Going to space is a real pain in the back

While astronauts may gain up to 2 inches in height temporarily from a six-month stay on the International Space Station, the effect is accompanied by a weakening of the muscles supporting the spine, according to a new study.

Going to space is a real pain in the back

Astronauts may temporarily gain 2 inches of height, but experience muscle loss and back discomfort

Exercise and other countermeasures may be helpful in reducing pain and muscle loss


Astronauts can experience back pain after a six-month stay at the International Space Station. According to a recent study, astronauts may temporarily gain 2 inches of height, but this is accompanied with a weakening in the muscles that support the spine.

Since the end of 1980s when space missions became longer, astronauts have reported back pain. The flight medical data shows that more than 50% of US astronauts reported back pain. This was most common in the lower back. Up to 28% of astronauts reported moderate to severe back pain. This pain could last the entire mission.

The situation does not improve once they return to Earth gravity. Astronauts are at a higher risk for a herniated disk in the first year following their mission.

It's an ongoing issue that is a cause for concern, said Dr. Douglas Chang. He is the first author of this new study. He is also associate professor of orthopaedic surgery and chief of Physical Medicine and Rehabilitation Service at University of California San Diego Health. This is the first study to look beyond an epidemiological description of what's happening with astronauts' spines.

The intervertebral disks, those spongy, shock-absorbing discs that are located between our vertebrae and the spine, have been blamed for many of the back problems astronauts experience. The new study contradicts this belief. Chang's research team, funded by NASA observed that the discs did not change in size, height, or swelling.

Chang stated that they observed a degeneration and atrophying in the supporting musculature of the lumbar spine (lower). These muscles help us to stay upright, walk, and move our upper limbs in an environment such as Earth. They also protect discs and ligaments.

In microgravity the torso lengthens. This is most likely because of spinal unloading. The spinal curve flattens. Chang explained that astronauts are also not using the muscles in their lowerbacks, because they don't bend over or use their lowerbacks to move like on Earth. The stiffness and pain are felt in this area, just like when astronauts wear a cast for 6 months.

MRI scans conducted before and after missions showed that astronauts had experienced a 19% reduction in their muscles. Chang explained that even after six weeks of training on Earth and reconditioning, only 68% of the astronauts' losses are restored.

Chang and his team believe this is a major issue for long-term missions that involve manned astronauts, especially if you consider a trip to Mars which could take up to nine months to get to the Red Planet. This trip and the astronauts’ potential time in Martian gravity (38%) - which is 38% the Earth's surface gravity - can lead to muscle atrophy and deconditioning.

Future research by the team will focus on neck problems, as there are more instances of muscle atrophy in this area and a longer recovery time. They also hope to partner with another University on inflight ultrasonics of the spinal cord, to see what happens to astronauts on the space station.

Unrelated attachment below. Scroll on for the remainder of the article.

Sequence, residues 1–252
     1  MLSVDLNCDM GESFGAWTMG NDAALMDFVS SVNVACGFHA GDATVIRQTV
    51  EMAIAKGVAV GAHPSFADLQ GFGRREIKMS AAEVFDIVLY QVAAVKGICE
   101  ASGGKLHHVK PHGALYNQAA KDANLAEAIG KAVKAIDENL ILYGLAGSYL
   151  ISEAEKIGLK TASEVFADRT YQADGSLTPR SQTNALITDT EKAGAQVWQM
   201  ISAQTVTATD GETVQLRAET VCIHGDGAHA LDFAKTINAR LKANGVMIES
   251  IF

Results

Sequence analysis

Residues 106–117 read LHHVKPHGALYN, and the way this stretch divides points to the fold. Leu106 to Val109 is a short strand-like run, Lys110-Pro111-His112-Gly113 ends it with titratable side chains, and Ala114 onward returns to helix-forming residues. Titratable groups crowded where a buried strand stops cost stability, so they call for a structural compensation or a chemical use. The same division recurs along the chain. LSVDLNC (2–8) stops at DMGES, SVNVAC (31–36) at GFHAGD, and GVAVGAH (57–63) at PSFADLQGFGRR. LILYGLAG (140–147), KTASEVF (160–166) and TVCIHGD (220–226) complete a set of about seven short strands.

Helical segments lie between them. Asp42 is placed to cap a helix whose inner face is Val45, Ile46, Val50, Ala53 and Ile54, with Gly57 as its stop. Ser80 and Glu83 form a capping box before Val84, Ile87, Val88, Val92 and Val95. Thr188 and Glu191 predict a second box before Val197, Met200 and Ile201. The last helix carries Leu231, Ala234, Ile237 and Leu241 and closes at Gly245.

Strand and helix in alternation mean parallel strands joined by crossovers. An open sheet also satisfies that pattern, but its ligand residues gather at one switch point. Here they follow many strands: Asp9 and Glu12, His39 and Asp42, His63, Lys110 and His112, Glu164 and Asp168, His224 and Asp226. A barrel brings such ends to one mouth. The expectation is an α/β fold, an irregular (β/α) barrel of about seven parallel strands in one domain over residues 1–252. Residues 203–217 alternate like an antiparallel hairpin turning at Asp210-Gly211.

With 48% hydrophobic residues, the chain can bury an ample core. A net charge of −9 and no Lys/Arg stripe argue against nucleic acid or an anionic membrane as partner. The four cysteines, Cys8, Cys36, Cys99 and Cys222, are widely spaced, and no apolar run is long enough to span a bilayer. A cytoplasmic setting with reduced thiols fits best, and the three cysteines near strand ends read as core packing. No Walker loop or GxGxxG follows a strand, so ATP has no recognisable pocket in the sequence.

Chang proposed countermeasures to be added to the astronauts' daily workout of two to three hours on the station. The team's exercise machines are designed to address a variety of health issues, including cardiovascular and skeletal. However, they believe that astronauts should also include a spine-strengthening program.

Chang also suggested yoga, in addition to the "fetal-tuck" position that astronauts use to stretch or relieve back pain. He knows it is not easy to do.

Gravity is a key factor in many yoga poses, such as downward dog. This pose allows for a stretch of the hamstrings, calf muscle, neck, and shoulders. You may not get the same benefits if you remove gravity.

The weight, size, and reverberations that machines could create on the space station must also be considered when designing them.

Chang and other researchers brainstormed ideas with a virtual-reality team on different workout programs that astronauts could use to invite their friends, family, or Twitter followers to join in a virtual workout. This would make the daily repetitions of their workouts fun and competitive.

Chang's teammate has experienced this pain first-hand. Scott Parazynski, a doctor from the University of Colorado, is the only astronaut who has climbed Mount Everest. After returning to Earth from the ISS, he suffered a herniated disk. He had to be airlifted from Everest less than a year after he first attempted the climb. He eventually reached the summit after a long rehabilitation process. He now speaks to astronauts to discuss how they can help studies on their health in microgravity.

Chang stated that keeping the astronauts fit and healthy is the minimum they can do.

He said: "When the crew returns, they will say that on one side of space station they can see this beautiful blue world." "Everything that they cherish is on this little fragile planet." They look out of the window, see the infinity that stretches into the darkness and come back to a new sense of their own self and place in the universe.

All of them are dedicated to advancing space knowledge, and taking incremental steps in any way possible for the next crew.